Duncan Lewis Immigration Solicitors challenged the SSHD in the case of three Albanian nationals whose British naturalisation was nullified on the apparent grounds of a number of “admitted lies”.
*Kaziu & Ors v Secretary of State for the Home Department  EWHC 832 (Admin) (26 March 2014)
Immigration Law- In the High Court of Justice- Queen’s Bench Division- Administrative Court- CO/7815/2013, CO/14160/2013 & CO/5725/2013
Duncan Lewis Solicitors represented two of the three claimants whose British naturalization was nullified on the grounds of several “admitted lies”. The three cases concerned were all heard together because of the “common issues which they raised”.
Judgement handed down from the case states that all three of the claimants were Albanian citizens who were naturalised as British citizens between 2004 and 2006.* The SSHD had discovered that in their applications for naturalisation all had apparently lied about their nationality, claiming to be from Kosovo.*
Further apparent untruths included that two had lied about their age, making one a minor in his asylum claim and one had apparently lied about his name.* Consequently, the SSHD wrote to each stating that their naturalisation was, in consequence, a nullity.*
The claimants challenged the decisions by the SSHD based on the grounds that the lies apparently did not mean that they had impersonated anyone.* According to the handed down judgement, “Impersonation was the test for whether the naturalisation was a nullity, rather than, as with other lies, providing grounds for deprivation of nationality, with its statutory right of appeal.”*
Furthermore, as stated in the judgement “all three had Indefinite Leave to Remain, ILR, at the time of their applications for naturalisation, satisfied the statutory tests and so by definition were the persons to whom citizenship was granted.”*
Mr Knafler QC submitted that “as each of the Claimants was granted ILR, the persons to whom certificates of naturalisation were granted were the people to whom ILR had been granted and who continued to enjoy it. It is not contended that these grants of ILR are nullities, even though they may be revoked. The only statutory requirement each had to satisfy was satisfied. This is not a point which has been raised in other cases.”*
Mr Justice Ouseley held that; “I am (also) troubled by the fact that the SSHD can inform an individual that deprivation proceedings are unlikely although he obtained his nationality by nullifying deceit, and then some years later, at a time of her choosing, and not subject to any time limits such as those which would apply if she had to seek judicial review, announce to him that he is not a British citizen, that the grant she has made and the certificate he holds are nullities, leaving him to take judicial review proceedings to challenge the asserted ineffectiveness of a seemingly valid document. All that had happened the while is made irrelevant to his position. Without the earlier decisions, I would have agreed with Mr Knafler and quashed the purported nullification. “*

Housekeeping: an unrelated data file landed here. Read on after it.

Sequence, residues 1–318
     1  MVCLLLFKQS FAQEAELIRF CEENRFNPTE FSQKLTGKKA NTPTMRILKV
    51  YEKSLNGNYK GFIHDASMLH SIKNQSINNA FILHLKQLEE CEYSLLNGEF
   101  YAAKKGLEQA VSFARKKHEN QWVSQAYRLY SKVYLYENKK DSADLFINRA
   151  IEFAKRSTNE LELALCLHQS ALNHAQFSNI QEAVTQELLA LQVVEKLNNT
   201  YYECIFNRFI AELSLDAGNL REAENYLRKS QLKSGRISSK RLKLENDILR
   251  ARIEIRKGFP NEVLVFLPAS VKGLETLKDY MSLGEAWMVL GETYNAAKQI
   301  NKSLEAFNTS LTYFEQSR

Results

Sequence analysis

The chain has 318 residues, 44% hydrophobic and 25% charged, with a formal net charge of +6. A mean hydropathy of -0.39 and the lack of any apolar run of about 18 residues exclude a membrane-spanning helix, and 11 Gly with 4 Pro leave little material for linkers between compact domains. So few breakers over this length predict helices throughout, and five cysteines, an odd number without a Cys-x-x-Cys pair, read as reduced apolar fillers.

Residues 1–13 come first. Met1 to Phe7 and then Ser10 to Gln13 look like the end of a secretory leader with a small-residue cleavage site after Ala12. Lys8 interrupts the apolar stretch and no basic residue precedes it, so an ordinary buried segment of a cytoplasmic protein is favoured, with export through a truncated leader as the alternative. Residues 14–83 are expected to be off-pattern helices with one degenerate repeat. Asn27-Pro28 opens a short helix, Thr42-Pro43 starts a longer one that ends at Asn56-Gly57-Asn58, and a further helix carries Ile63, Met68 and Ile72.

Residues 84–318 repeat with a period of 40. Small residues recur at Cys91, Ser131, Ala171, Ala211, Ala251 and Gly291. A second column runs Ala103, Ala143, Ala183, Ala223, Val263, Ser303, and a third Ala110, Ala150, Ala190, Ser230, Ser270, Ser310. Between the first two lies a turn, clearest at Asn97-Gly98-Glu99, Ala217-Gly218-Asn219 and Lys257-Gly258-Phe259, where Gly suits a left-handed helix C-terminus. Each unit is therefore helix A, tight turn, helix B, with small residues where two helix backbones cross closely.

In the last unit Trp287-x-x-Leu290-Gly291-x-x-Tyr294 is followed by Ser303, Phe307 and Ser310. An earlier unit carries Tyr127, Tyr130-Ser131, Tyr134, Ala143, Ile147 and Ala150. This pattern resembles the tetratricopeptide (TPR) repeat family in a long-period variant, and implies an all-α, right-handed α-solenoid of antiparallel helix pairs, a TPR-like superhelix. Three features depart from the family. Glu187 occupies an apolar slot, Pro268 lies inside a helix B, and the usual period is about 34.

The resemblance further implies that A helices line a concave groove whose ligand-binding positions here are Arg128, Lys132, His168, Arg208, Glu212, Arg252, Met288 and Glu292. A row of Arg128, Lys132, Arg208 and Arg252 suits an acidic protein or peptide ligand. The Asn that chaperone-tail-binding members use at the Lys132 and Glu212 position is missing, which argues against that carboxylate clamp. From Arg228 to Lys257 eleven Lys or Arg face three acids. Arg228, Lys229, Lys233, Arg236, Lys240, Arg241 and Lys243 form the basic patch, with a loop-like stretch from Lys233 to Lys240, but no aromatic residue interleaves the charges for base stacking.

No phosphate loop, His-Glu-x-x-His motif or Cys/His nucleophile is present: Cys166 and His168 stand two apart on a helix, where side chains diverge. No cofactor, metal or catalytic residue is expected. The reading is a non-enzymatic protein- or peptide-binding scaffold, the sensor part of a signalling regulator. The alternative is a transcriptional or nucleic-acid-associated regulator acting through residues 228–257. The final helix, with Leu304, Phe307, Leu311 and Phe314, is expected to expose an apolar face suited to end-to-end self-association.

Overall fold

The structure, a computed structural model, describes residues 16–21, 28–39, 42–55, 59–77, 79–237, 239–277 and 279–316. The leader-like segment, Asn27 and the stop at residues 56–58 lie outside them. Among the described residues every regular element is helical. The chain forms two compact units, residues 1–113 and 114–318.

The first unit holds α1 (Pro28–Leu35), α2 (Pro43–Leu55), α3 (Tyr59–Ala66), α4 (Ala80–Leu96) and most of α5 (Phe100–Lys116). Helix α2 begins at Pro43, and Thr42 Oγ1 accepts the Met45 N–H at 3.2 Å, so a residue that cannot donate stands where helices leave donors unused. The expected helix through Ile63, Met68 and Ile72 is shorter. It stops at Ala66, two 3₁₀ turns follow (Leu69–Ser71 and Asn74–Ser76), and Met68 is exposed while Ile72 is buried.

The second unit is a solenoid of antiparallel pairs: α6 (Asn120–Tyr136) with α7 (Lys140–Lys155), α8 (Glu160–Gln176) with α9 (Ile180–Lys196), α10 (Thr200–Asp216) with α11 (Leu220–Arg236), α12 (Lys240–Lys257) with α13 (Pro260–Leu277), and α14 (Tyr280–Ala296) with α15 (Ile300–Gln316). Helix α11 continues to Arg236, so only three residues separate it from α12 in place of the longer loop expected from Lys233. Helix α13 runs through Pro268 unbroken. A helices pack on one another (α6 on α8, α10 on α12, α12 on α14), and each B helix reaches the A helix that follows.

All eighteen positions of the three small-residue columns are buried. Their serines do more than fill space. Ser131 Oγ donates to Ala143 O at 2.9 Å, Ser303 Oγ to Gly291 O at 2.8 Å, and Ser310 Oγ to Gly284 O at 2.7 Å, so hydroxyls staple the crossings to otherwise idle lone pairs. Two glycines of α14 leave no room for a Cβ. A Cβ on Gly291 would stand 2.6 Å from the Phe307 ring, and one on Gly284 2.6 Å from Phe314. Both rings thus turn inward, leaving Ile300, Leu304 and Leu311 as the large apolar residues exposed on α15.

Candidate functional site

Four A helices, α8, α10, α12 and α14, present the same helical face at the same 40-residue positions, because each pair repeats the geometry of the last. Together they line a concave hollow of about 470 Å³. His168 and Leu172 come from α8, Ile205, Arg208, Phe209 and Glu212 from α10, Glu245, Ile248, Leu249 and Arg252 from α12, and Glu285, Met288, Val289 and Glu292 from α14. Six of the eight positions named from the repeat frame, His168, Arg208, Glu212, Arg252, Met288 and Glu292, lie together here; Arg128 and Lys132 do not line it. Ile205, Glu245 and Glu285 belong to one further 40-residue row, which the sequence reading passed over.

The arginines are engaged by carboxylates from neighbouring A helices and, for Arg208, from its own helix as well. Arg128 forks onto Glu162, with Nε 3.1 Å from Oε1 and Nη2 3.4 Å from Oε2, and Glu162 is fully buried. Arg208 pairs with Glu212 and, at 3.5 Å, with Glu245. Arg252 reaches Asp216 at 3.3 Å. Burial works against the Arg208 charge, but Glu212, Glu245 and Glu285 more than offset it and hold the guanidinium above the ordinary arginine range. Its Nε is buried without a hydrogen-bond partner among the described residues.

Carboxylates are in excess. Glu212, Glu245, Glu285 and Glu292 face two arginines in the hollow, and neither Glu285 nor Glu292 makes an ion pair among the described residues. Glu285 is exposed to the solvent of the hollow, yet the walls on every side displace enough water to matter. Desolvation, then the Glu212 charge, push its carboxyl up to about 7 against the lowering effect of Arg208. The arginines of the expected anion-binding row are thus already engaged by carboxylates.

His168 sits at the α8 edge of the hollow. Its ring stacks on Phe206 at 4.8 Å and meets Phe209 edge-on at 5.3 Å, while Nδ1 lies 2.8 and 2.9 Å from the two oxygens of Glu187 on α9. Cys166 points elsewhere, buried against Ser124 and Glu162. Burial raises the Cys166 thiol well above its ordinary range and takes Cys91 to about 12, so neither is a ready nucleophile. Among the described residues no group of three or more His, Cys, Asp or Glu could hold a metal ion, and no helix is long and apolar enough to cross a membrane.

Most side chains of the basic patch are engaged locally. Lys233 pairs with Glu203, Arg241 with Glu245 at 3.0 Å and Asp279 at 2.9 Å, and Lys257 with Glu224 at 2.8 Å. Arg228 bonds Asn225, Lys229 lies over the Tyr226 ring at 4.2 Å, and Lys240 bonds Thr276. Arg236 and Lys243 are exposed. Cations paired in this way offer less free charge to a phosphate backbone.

“I am unable to conclude that I should distinguish the decisions of the Court of Appeal, powerful though Mr Knafler's submissions were. The Court of Appeal may feel that it should now distinguish its earlier decisions in the light of this new point raised by Mr Knafler. In my judgment, however, the naturalisation of each Claimant is a nullity.”*
Duncan Lewis Immigration Solicitor, Naim Hasani, acted as Solicitor for two of the claimants added;
"This is a judgement, which concerns very important considerations of the way, which the Secretary of State has and continues to interpret the application of very important and distinguishable concepts of deprivation and nullity of British nationality, when there is evidence that it was obtained by fraud, misrepresentation, concealment of a material fact or any other form of deception. This is an area where the case law is not settled, given the findings of Mr Justice Ouseley.
It is now for the Court of Appeal to clarify the law and its earlier decisions on these issues, which should now be established by this new case precedent. Despite the fact that the Secretary of State succeeded on the basis that the Judge was bound to follow the Court of Appeal earlier decisions, she was criticized for the way she has proceeded to decide whether these cases were a nullity or deprivation. The consequences of this judgement are far reaching and the Judge has called on the Court of Appeal to resolve to clarify the case law on these issues of significant public importance.”